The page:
The American Library Association is dropping Laura Ingalls Wilder’s name from a prestigious children’s literature award in order to distance the honor from what it described as culturally insensitive portrayals in her books.
The decision was made out of a desire to reconcile the award with the organization’s values of “inclusiveness, integrity and respect,” representatives of the association said in a statement on Monday. The award is given out by its children’s division.
“Wilder’s books are a product of her life experiences and perspective as a settler in America’s 1800s,” the association’s president, Jim Neal, and the president of the children’s division, Nina Lindsay, said in the statement. “Her works reflect dated cultural attitudes toward Indigenous people and people of color that contradict modern acceptance, celebration, and understanding of diverse communities.”
Ms. Wilder’s books, particularly the “Little House” series based on her childhood in a settler family, have remained popular since they were first published in the 1930s and 1940s. A hit television show based on the series, “Little House on the Prairie,” helped to reignite interest and usher in a new generation of fans in the late 1970s and early 1980s.
The name change was a result of months of consideration and was approved over the weekend by the board of the Association for Library Service to Children, a division of the library association. The honor, formerly the Laura Ingalls Wilder Award, is now named the Children’s Literature Legacy Award.
The award, distributed to just 23 people over more than six decades, recognizes authors and illustrators whose books have created a lasting contribution to children’s literature.
Wilder herself received the first award in 1954, three years before her death in 1957. It was initially distributed every five years, but its frequency has steadily increased. Since 2016, it has been given annually.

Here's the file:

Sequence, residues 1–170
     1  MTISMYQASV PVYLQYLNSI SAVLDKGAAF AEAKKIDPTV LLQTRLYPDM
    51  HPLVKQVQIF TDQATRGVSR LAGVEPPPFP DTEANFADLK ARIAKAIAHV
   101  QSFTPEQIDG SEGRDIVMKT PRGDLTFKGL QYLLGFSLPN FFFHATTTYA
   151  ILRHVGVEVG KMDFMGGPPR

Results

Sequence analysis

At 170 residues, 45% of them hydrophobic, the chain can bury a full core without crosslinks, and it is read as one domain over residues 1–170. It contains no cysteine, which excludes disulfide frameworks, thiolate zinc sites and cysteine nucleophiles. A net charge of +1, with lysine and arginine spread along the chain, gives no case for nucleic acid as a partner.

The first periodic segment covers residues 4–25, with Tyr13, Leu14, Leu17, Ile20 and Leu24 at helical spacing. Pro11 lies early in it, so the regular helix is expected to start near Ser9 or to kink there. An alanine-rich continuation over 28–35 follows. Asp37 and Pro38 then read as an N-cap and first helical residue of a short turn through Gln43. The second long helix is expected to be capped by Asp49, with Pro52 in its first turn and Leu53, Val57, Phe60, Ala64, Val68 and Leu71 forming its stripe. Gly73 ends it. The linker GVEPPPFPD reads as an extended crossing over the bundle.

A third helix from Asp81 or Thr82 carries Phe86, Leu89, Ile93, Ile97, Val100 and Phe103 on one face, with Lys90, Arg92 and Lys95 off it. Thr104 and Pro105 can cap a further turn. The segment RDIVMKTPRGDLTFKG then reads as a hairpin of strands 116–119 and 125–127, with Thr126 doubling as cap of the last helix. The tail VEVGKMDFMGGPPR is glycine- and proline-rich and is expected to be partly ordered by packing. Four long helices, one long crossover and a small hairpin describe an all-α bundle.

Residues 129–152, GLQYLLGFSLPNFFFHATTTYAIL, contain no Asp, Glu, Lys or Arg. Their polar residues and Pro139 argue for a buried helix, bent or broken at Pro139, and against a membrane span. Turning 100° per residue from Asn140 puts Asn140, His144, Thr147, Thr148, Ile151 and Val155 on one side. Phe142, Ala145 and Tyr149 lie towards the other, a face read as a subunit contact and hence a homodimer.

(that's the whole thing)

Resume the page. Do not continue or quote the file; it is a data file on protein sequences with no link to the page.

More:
Other winners include the authors Beverly Cleary; Theodor S. Geisel, also known as Dr. Seuss; and E. B. White. This year’s winner, announced in February, was Jacqueline Woodson, the author of “Brown Girl Dreaming” and other books.
Despite their popularity, Ms. Wilder’s books contain jarringly prejudicial portrayals of Native Americans and African Americans.
In the 1935 book “Little House on the Prairie,” for example, multiple characters espoused versions of the view that “the only good Indian was a dead Indian.” In one scene, a character describes Native Americans as “wild animals” undeserving of the land they lived on.
“Little Town on the Prairie,” published in 1941, included a description of a minstrel show with “five black-faced men in raggedy-taggedy uniforms” alongside a jolting illustration of the scene.
“There’s this subtle but very clear fear generated throughout the books,” said Debbie Reese, a scholar whose writing and research focus on portrayals of American Indians in children’s literature.
Dr. Reese, who belongs to the Nambe Pueblo tribe in New Mexico, said that the books could be used to educate high school or college students, but were inappropriate for young children.
“People are trying to use them and say, ‘Well, we can explain them,’ and I say: ‘O.K., you’re trying to explain racism to white people. Good for those white kids,’” she said. “But what about the Native and the black kids in the classroom who have to bear with the moment when they’re being denigrated for the benefit of the white kids?”
The American Library Association said that the name change was aimed only at aligning the award with its values, not at limiting access to Wilder’s books.
“Updating the award’s name should not be construed as censorship, as we are not demanding that anyone stop reading Wilder’s books, talking about them, or making them available to children,” Mr. Neal and Ms. Lindsay said in the statement. “We hope adults think critically about Wilder’s books and the discussions that can take place around them.”
In recommending that the organization move away from using Wilder’s name for the award, a task force for the children’s division noted last month that the books had been both “deeply meaningful” to some readers and “deeply painful” to others.
“Both of these things are true,” it said in a written recommendation, adding that such a move would not demand “that anyone change their personal relationship with or feelings about Wilder’s books.”
The task force also said that the books, and Wilder herself, were products of her era and reflected the mostly mainstream perspective of a white woman at the time.
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